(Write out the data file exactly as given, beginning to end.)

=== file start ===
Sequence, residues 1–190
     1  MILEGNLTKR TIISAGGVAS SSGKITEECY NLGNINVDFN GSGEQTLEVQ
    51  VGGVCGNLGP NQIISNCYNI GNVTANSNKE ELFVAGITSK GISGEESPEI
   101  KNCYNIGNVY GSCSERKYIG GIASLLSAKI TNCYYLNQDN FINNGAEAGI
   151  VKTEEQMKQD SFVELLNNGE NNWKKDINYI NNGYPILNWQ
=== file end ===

Sequence, residues 1–190
     1  MILEGNLTKR TIISAGGVAS SSGKITEECY NLGNINVDFN GSGEQTLEVQ
    51  VGGVCGNLGP NQIISNCYNI GNVTANSNKE ELFVAGITSK GISGEESPEI
   101  KNCYNIGNVY GSCSERKYIG GIASLLSAKI TNCYYLNQDN FINNGAEAGI
   151  VKTEEQMKQD SFVELLNNGE NNWKKDINYI NNGYPILNWQ